Peter Weller makes for a cold, unmovable Batman. That’s entirely appropriate to the suicidal old warrior rolling formula one cars and sharing war stories with Jim Gordon (a true highlight and one of several great showcases for both Weller and Selby). But I worried that the character might be too rigid, too austere for such a weighty, operatic film. Would Weller’s Bruce Wayne take us careening over the edge with him? Fortunately, there are some chinks in the armor. Especially in his all-too brief interactions with Carrie, Weller’s tone ever so subtly melts like a Werther’s Original after a day’s journey in a grandfather’s pocket. It’s almost imperceptible, but both the expressive animation and Carrie’s reactions help augment the change in ol’ Batman. It’s not that Bruce is getting sentimental. He’s simply remembering the simple pleasures of grounding punks into the pavement and vaulting from parapet to parapet against storm-streaked skies. Visually, he’s a goliath. Just a huge, brick shit-house of a Batman, butcher’s mitts and all. A real aging bruiser, far removed from the svelte and stealthy dark knight of recent years.

One small note: For better or worse, the Michael Jackson playing Alfred isn’t that Michael Jackson. Actually, he’s really good in this role and has great chemistry with Weller and Winter in both comedy and pathos, of real importance for part two.

Speaking of which…

Perhaps the most exciting aspect of DKR Part One is a small spark slowly devouring its fuse. Throughout the feature, Oliva cuts to the wards of Arkham and the instantly recognizable figure of the Joker. Of course, this isn’t the manic clown prince of crime as we’ve come to fear and adore him. This Joker is even paler than usual, his pasty countenance somehow more pallid than its iconic white. There’s less luster to his mossy hair. But most unsettling of all is his placid temperament. He’s a clown deflated. Then slowly, you can almost hear the creak of the valve, the hiss of the laughing gas as it reasserts itself. The Joker is watching those news bulletins, keen to the rumors of a rekindled myth. And when he finally hears the name of his beloved, “darling” Batman, the color rushes back to his face. Michael Emerson is almost unrecognizable in the role teased in this coda, but coupled with an ominous bit of scoring by Christopher D. Lozinski, this moment serves as a chilling ellipses.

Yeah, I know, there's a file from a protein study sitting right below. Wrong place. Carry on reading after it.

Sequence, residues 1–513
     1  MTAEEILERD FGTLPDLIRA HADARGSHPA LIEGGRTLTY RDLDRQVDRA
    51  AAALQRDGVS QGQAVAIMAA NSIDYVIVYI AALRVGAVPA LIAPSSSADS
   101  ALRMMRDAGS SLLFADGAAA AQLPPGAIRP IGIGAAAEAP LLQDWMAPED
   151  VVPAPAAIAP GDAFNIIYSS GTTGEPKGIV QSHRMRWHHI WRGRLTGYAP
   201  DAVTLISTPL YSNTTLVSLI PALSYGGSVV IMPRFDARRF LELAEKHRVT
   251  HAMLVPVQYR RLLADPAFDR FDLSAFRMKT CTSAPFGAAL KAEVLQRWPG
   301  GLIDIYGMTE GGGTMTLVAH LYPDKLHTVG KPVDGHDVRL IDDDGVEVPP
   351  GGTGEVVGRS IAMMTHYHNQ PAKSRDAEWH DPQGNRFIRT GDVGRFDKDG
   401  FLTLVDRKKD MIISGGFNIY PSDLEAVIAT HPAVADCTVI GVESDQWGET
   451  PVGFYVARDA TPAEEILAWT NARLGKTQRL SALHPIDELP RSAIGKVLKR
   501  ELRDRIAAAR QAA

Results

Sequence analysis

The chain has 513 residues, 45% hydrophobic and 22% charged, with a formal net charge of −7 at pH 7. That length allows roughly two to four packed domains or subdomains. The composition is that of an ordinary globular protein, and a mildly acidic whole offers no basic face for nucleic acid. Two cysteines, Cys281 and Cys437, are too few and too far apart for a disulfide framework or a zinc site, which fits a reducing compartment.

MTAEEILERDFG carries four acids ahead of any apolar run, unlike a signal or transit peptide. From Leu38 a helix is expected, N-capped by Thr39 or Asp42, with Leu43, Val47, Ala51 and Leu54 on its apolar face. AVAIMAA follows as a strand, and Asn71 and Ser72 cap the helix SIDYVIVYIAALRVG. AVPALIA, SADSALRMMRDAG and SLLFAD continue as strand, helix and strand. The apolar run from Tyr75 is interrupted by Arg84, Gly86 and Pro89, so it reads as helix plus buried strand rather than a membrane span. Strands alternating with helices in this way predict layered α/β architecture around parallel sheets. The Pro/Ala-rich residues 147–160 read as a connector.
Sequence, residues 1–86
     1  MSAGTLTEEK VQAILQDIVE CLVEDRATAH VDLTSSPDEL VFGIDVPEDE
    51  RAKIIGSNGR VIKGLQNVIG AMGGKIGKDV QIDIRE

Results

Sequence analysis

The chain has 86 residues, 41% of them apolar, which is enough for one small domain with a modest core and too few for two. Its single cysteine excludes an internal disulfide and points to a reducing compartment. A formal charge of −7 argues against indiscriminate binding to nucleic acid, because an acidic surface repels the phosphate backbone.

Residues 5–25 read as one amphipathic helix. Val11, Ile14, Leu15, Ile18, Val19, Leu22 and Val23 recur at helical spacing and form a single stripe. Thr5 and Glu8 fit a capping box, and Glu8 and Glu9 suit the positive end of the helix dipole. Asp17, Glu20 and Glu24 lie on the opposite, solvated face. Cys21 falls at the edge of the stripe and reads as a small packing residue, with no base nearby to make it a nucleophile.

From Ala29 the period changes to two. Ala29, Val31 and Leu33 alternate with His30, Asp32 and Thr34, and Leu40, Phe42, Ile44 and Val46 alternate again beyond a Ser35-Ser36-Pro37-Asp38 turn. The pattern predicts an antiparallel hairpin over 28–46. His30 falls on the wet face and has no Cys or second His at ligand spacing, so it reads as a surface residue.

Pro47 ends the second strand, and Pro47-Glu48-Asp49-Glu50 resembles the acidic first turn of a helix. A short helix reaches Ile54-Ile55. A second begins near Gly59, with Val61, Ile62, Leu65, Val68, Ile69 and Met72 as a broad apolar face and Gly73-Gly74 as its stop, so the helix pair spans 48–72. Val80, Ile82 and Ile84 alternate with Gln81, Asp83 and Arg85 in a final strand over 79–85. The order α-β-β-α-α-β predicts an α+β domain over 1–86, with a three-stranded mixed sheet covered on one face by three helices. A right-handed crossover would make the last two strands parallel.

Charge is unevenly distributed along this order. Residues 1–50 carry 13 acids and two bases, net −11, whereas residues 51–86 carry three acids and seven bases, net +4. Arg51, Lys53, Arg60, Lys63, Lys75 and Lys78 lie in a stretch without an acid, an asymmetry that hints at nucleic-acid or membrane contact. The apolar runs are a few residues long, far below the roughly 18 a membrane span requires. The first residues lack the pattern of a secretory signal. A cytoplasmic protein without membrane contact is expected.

4.5 Stars

(Out of 5)


  1. Great review, Paul. I’m looking forward to checking this one out. However, as I’m only now getting to the last film in this series, I think I’ll have a while to wait.

    Have you seen the B:TAS episode ‘Legends of the Dark Knight’ lately? It’s on YouTube. How did this version of Miller’s story compare to that version? Or, perhaps, I should just wait for the podcast to hear those thoughts.

    • Of course. The TV version is truncated obviously, or at least it’s just the climactic encounter with the Mutant Leader if memory serves. But it’s also more hyperbolic. Almost to the point of parody. Almost. It’s hard to out-Miller Miller. This is still big and bad, but it’s got less bluster. More grounded. I mean, for what it is. the Mutant Leader still eats a dude.

    • “It’s hard to out-Miller Miller.” Well stated.

  2. “Dead or alive, you’re coming with me”

  3. Sounds like it’s pretty good. This is a relief. So it covers books one and two I suppose? Guess we’ll have to wait to see bizarro Reagan and the T&A nazi lady. Is it a Zack Snyder-esque panel-by-panel retelling, or do they change things around a little. Any new subplots or omissions of significance?

    • Definitely not panel-by-panel. All of the pieces, I think, are present. It’s just streamlined a bit. I didn’t miss anything, but then I’m not a diehard fan of the book. If anything was truly lost in the translation, it’s atmospheric stuff. The way the world looks and feels. But that’s near-impossible to capture.

  4. Is the animation brain trust meeting to do a podcast for this? Cuz that’d be great.

  5. Enjoyed most of it…the opening CGI race car scene made me cringe. It seemed like the Harvey subplot was streamlined and made more sense, but many great lines seemed to be cut to my chagrin.

    I really missed the inner monologue. In some fo the scenes I thought hearing Weller’s gravelly monotone would have added more of the gravitas that seemed to be missing. Lines like calling himself “old man”, the blow by blow calculated commentary on his attacks, esp. for the Mutant Leader fights that seemed a bit lacking in depth aside from being a climactic fight scene.

    Parts were enjoyable and many impressive ideas were created to turn the stylized sequential art into convincing animation without just moving the original art in front of a camera.

    I think 4.5 is high, but I always enoy the thought you put into these reviews.

  6. This sold out at EVERY Best Buy in my area! 🙁

  7. Saw this last week and loved it. The film made some great choices in what to include and what to leave out. It was thematically very faithful.

    Here goes:
    2.Under the Red Hood
    3.Crisis on Two Earths.
    5.Wonder Woman/Year One

  8. Best DC Animated offering to date. Was extremely impressed with the whole film and cannot WAIT for Part 2. As always, great review Paul.

    1. TDKR
    2. New Frontier
    3. Under The Red Hood/Crisis on Two Earths
    4. Year One
    5. All-Star Superman

  9. Another strong release. I watched it on demand yesterday afternoon. Plan on buying it after part 2 comes out. Hopefully they’ll do a two disc edition with both parts.

  10. “DC Animation rescues a lost Batman tale from the depths of obscurity.”

    I don’t know how close to obscurity this legendary batman tale was.. that might be a little bit of an exxageration

  11. Wanted to buy this last night but Jim Hanley’s didn’t have it and the hipsters behind the desk looked at me like I had three heads for asking for it and insisted “we’re not getting it in.” OK. Thanks.